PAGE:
3.4 81318131 size 12{ { { - { {8}} rSup { size 8{1} } } over { { {3}}"" lSub { size 8{1} } } } } {} x 9316293162 size 12{ { { - { {9}} rSup { size 8{3} } } over { { {1}} { {6}} rSub { size 8{2} } } } } {} = 3232 size 12{ { {3} over {2} } } {} = 112112 size 12{1 { {1} over {2} } } {}

3.5 279mn4279mn4 size 12{ { { { {2}} { {7}} rSup { size 8{9} } ital "mn"} over {4} } } {} x 162m3162m3 size 12{ { {1} over { - { {6}}"" lSub { size 8{2} } m rSup { size 8{3} } } } } {} = 9n8m29n8m2 size 12{ { { - 9n} over {8m rSup { size 8{2} } } } } {}

3.6 42xy31ab42xy31ab size 12{ { { - { {4}} rSup { size 8{2} } ital "xy"} over { { {3}}"" lSub { size 8{1} } { {a}}b} } } {} x 3a2x3a2x size 12{ { { { {3}} { {a}}} over { - { {2}} { {x}}} } } {} = 2yb2yb size 12{ { {2y} over {b} } } {}

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PDF | EPUB (?)

### What is an EPUB file?

EPUB is an electronic book format that can be read on a variety of mobile devices.

PDF | EPUB (?)

### What is an EPUB file?

EPUB is an electronic book format that can be read on a variety of mobile devices.

#### Collection to:

My Favorites (?)

'My Favorites' is a special kind of lens which you can use to bookmark modules and collections. 'My Favorites' can only be seen by you, and collections saved in 'My Favorites' can remember the last module you were on. You need an account to use 'My Favorites'.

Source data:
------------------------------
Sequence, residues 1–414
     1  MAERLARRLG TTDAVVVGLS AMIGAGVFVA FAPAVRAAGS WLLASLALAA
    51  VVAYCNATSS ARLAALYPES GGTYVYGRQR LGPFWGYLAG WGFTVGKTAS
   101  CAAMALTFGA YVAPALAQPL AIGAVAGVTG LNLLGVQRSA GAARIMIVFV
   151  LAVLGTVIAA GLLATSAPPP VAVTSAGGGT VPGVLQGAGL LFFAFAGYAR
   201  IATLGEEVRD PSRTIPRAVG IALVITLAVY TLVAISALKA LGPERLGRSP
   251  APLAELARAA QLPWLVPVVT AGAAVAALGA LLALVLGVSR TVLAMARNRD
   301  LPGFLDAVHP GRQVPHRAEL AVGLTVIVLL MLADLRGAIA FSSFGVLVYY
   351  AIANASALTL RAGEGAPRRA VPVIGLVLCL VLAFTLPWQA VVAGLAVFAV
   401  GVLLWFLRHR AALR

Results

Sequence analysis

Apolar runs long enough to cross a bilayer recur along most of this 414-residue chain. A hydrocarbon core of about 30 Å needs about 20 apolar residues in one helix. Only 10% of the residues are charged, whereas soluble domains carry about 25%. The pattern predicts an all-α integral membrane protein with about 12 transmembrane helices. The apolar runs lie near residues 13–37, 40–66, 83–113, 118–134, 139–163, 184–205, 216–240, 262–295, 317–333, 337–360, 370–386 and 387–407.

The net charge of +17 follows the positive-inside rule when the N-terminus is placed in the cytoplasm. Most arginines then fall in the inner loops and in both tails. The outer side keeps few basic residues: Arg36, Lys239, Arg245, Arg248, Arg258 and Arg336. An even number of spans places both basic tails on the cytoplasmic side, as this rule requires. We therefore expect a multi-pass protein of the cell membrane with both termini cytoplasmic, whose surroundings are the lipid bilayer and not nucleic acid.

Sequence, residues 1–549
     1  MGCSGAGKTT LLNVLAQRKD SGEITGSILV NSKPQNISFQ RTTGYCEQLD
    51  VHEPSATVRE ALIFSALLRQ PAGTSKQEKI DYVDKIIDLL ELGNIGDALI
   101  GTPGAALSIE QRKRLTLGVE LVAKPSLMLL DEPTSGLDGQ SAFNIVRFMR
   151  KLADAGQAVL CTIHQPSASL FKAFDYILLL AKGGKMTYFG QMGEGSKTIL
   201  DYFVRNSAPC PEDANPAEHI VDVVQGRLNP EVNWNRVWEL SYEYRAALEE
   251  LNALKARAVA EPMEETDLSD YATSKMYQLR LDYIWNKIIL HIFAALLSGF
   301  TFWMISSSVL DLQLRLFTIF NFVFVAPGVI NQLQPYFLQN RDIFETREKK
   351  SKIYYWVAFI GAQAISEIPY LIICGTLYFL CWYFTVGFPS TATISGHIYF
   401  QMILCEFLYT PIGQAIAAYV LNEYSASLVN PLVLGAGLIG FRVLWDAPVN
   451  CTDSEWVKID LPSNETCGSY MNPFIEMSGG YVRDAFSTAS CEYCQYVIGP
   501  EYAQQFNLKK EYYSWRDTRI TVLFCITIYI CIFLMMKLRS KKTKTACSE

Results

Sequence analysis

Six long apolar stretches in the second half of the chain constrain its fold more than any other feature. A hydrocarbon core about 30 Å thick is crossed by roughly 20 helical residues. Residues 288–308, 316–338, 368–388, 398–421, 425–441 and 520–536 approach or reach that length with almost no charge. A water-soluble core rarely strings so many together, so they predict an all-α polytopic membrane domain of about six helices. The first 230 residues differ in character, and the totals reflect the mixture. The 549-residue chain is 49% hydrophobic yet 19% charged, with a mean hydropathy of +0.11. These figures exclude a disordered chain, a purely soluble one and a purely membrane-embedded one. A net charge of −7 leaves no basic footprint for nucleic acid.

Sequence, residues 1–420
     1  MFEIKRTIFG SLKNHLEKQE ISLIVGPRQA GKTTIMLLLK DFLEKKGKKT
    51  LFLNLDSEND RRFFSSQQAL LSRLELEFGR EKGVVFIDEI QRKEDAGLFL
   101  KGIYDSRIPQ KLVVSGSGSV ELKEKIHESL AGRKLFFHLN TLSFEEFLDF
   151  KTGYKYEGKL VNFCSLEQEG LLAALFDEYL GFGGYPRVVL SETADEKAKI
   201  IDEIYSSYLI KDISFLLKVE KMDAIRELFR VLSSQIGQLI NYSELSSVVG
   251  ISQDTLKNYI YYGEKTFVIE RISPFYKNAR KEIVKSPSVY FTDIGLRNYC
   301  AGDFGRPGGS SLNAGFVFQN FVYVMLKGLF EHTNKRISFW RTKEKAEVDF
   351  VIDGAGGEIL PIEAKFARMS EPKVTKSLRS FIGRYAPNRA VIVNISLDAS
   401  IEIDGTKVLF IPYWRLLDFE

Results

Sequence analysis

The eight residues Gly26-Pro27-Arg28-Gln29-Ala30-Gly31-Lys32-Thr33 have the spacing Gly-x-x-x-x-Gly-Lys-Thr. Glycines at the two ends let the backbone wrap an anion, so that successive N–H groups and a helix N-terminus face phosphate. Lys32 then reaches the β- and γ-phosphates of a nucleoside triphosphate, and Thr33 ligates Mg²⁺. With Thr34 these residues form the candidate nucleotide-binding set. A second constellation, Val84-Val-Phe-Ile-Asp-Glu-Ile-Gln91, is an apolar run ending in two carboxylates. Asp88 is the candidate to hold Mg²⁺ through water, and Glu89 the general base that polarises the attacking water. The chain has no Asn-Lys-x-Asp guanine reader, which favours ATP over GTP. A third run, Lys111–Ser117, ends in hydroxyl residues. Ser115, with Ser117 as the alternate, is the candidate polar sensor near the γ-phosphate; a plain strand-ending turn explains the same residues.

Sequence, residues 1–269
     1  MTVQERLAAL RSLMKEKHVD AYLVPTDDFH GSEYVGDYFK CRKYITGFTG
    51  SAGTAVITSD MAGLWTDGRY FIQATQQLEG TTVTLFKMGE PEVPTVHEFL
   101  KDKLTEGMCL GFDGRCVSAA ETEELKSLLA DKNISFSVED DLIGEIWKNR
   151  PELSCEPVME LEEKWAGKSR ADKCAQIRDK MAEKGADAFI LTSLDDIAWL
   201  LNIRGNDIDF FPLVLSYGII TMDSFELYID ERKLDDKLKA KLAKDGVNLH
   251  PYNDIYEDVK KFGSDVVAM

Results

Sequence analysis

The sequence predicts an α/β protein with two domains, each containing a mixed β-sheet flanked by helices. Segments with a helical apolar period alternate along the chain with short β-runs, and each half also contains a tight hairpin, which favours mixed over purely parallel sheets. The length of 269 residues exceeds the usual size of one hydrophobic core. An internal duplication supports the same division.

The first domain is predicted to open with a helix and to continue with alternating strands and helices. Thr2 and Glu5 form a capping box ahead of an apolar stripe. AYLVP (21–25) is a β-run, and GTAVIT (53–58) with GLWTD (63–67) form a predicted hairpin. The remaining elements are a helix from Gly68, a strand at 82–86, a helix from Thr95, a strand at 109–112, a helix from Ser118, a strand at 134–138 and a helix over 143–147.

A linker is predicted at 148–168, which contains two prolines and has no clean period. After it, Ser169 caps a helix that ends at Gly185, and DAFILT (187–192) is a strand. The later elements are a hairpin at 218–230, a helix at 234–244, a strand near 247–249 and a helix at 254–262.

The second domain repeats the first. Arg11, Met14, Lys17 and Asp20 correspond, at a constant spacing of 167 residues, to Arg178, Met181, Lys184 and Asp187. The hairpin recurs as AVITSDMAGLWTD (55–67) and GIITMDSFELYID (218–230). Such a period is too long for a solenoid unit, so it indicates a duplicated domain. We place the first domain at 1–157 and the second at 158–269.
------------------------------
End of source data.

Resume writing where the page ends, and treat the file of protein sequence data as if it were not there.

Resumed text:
| A lens I own (?)

#### Definition of a lens

##### Lenses

A lens is a custom view of the content in the repository. You can think of it as a fancy kind of list that will let you see content through the eyes of organizations and people you trust.

##### What is in a lens?

Lens makers point to materials (modules and collections), creating a guide that includes their own comments and descriptive tags about the content.

##### Who can create a lens?

Any individual member, a community, or a respected organization.

##### What are tags?

Tags are descriptors added by lens makers to help label content, attaching a vocabulary that is meaningful in the context of the lens.

| External bookmarks

#### Module to:

My Favorites (?)

'My Favorites' is a special kind of lens which you can use to bookmark modules and collections. 'My Favorites' can only be seen by you, and collections saved in 'My Favorites' can remember the last module you were on. You need an account to use 'My Favorites'.

| A lens I own (?)

#### Definition of a lens

##### Lenses

A lens is a custom view of the content in the repository. You can think of it as a fancy kind of list that will let you see content through the eyes of organizations and people you trust.

##### What is in a lens?

Lens makers point to materials (modules and collections), creating a guide that includes their own comments and descriptive tags about the content.

##### Who can create a lens?

Any individual member, a community, or a respected organization.

##### What are tags?

Tags are descriptors added by lens makers to help label content, attaching a vocabulary that is meaningful in the context of the lens.

| External bookmarks